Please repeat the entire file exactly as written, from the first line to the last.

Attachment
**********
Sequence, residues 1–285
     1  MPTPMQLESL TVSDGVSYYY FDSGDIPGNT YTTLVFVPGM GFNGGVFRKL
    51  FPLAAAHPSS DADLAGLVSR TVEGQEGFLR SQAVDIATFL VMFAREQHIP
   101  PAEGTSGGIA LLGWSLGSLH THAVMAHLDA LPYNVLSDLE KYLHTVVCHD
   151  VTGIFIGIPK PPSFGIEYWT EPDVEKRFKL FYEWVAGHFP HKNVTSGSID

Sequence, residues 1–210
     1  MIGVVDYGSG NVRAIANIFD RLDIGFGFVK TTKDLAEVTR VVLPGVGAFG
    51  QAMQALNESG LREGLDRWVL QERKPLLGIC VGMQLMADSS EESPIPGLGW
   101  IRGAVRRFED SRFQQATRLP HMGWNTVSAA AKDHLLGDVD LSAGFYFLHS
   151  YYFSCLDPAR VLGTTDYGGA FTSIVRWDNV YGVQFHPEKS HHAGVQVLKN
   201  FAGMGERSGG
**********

Sequence, residues 1–285
     1  MPTPMQLESL TVSDGVSYYY FDSGDIPGNT YTTLVFVPGM GFNGGVFRKL
    51  FPLAAAHPSS DADLAGLVSR TVEGQEGFLR SQAVDIATFL VMFAREQHIP
   101  PAEGTSGGIA LLGWSLGSLH THAVMAHLDA LPYNVLSDLE KYLHTVVCHD
   151  VTGIFIGIPK PPSFGIEYWT EPDVEKRFKL FYEWVAGHFP HKNVTSGSID

Sequence, residues 1–210
     1  MIGVVDYGSG NVRAIANIFD RLDIGFGFVK TTKDLAEVTR VVLPGVGAFG
    51  QAMQALNESG LREGLDRWVL QERKPLLGIC VGMQLMADSS EESPIPGLGW
   101  IRGAVRRFED SRFQQATRLP HMGWNTVSAA AKDHLLGDVD LSAGFYFLHS
   151  YYFSCLDPAR VLGTTDYGGA FTSIVRWDNV YGVQFHPEKS HHAGVQVLKN
   201  FAGMGERSGG